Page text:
A Japan tsunami survivor has revealed the tragedy she witnessed and the horrors that still haunt her on the disaster’s fifth anniversary.
Tarah Millen told The Mirror that the image of a small boy, cycling towards the harbour, is one she cannot shake.
Millen, from Canada, said she was watching a boy ride his bike when the tsunami hit – covering her surroundings with 130-foot waves. The town she was in – Ōtsuchi in Iwate – lost a staggering 10 per cent of its population. She was 21 at the time and visiting the area as a porpoise activist.
The 2011 disaster struck the north-east coast of Japan at 2:45pm – while Millen was at the harbour – with a magnitude of 9.0, killing more than 18,000 people.
Five years on, and for Millen and thousands of others the tragedy still remains fresh.
She told The Mirror:
After about one minute of the ground shaking nearly every bird in the area rose into the sky.
I remember feeling more amazed by the spectacle than anything. That was my first clue that this earthquake could be much more serious than I had assumed.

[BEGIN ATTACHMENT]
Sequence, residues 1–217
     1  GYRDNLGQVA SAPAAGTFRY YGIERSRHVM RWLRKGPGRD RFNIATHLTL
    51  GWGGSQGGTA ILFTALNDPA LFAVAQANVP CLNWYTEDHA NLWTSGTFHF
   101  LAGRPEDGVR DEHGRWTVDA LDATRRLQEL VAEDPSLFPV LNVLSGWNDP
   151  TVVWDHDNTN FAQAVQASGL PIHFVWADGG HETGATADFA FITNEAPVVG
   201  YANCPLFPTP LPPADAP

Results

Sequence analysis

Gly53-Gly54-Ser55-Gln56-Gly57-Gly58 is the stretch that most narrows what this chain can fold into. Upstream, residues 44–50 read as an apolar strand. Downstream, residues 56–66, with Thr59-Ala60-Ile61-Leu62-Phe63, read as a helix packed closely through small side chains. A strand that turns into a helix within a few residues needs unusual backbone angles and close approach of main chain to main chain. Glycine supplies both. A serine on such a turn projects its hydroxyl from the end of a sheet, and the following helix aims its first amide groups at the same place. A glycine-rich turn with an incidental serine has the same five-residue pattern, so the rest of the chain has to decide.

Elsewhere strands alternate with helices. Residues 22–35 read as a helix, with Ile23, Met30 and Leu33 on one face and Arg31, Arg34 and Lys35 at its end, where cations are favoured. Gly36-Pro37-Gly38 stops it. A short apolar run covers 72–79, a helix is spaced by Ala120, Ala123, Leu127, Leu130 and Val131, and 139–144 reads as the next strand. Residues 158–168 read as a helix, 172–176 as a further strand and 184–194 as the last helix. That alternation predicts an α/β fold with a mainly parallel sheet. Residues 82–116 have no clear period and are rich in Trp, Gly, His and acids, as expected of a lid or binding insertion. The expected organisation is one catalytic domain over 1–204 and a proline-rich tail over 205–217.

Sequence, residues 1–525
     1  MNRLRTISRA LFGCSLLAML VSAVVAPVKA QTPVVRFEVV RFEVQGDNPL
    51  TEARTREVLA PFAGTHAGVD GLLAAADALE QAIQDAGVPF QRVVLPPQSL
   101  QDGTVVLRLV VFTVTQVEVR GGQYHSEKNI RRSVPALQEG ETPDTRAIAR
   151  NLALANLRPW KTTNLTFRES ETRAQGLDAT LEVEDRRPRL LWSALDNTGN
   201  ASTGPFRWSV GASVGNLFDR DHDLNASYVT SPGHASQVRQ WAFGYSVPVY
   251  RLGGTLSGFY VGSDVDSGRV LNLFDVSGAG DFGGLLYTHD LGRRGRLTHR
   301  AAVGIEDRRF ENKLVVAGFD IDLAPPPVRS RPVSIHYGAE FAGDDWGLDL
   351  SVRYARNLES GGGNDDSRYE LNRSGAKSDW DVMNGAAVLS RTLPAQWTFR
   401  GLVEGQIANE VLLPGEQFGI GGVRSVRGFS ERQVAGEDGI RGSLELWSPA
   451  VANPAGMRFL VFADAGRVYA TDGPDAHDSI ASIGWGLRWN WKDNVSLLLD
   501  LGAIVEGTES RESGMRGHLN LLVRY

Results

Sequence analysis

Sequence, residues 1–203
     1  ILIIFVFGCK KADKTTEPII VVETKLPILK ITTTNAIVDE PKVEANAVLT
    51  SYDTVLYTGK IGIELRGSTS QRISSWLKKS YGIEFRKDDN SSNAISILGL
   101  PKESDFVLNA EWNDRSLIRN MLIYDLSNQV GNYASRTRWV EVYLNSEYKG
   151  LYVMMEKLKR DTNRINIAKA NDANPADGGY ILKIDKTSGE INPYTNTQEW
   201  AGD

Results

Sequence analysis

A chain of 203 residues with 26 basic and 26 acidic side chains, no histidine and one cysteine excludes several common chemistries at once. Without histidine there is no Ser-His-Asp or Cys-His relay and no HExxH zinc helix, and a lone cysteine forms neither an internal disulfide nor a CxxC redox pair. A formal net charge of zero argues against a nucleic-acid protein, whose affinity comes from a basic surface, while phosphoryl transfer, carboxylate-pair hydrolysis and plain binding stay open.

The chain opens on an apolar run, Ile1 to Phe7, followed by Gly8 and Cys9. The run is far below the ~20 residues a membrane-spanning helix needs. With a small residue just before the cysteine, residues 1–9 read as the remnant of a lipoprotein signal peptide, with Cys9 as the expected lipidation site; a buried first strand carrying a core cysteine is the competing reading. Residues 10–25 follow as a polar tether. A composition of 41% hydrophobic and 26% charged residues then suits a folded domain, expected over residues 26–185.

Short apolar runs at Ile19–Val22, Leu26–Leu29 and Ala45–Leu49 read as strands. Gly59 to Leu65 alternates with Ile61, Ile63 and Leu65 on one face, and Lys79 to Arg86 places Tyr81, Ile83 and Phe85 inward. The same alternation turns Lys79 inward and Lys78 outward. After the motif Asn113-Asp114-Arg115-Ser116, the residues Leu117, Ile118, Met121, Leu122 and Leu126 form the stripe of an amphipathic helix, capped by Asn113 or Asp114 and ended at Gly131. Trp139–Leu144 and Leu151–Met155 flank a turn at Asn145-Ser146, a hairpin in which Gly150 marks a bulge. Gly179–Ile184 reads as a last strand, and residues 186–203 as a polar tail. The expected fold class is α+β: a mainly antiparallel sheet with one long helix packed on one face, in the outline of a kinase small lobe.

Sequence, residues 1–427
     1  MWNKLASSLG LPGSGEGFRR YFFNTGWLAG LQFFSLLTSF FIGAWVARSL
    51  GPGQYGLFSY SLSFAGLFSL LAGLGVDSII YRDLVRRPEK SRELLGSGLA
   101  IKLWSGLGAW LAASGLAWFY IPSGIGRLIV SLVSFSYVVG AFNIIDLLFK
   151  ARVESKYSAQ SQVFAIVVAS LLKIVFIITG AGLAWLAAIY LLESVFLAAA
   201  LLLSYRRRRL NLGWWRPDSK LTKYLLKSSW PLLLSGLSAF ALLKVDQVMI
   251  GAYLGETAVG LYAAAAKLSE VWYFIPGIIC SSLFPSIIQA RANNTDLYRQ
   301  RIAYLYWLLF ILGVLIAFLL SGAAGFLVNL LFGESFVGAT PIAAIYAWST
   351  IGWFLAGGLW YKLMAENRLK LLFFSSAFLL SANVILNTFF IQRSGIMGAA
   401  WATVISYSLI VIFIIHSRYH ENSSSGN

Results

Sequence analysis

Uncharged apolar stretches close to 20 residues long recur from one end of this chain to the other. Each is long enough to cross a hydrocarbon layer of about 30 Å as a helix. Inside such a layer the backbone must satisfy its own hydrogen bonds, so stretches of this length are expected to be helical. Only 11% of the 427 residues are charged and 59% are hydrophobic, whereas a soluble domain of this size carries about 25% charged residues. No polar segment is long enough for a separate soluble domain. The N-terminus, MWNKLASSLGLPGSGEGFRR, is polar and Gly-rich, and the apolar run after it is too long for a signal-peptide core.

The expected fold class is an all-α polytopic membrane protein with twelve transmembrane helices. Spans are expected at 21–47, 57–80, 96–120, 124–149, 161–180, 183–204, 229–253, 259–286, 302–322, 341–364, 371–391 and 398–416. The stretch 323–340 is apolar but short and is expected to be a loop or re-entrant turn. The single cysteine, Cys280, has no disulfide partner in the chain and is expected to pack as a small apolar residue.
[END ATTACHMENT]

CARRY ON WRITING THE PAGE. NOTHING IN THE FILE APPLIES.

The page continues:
Knowing something serious was about to happen, Millen and her team got in their car and sped up to a lookout point to get to high ground.
As soon as we stepped out of the car I looked back over the town and what I saw shocked me to the core: It was gone.
I stood, staring, in stupefied silence and exclaimed something like, ‘oh my god, the whole town is under water’. I really had no idea.
Tarah told The Mirror that by the time the tsunami struck, the water had receded and washed back several times, dragging the entire town – homes, cars, boats, and bodies – with it.
Still, five years later, many of the residents haven’t been able to return to their homes.
But despite the tragedy and horrific memories, Japan came together today to remember the disaster, as a mark of respect for the victims. Let’s do the same.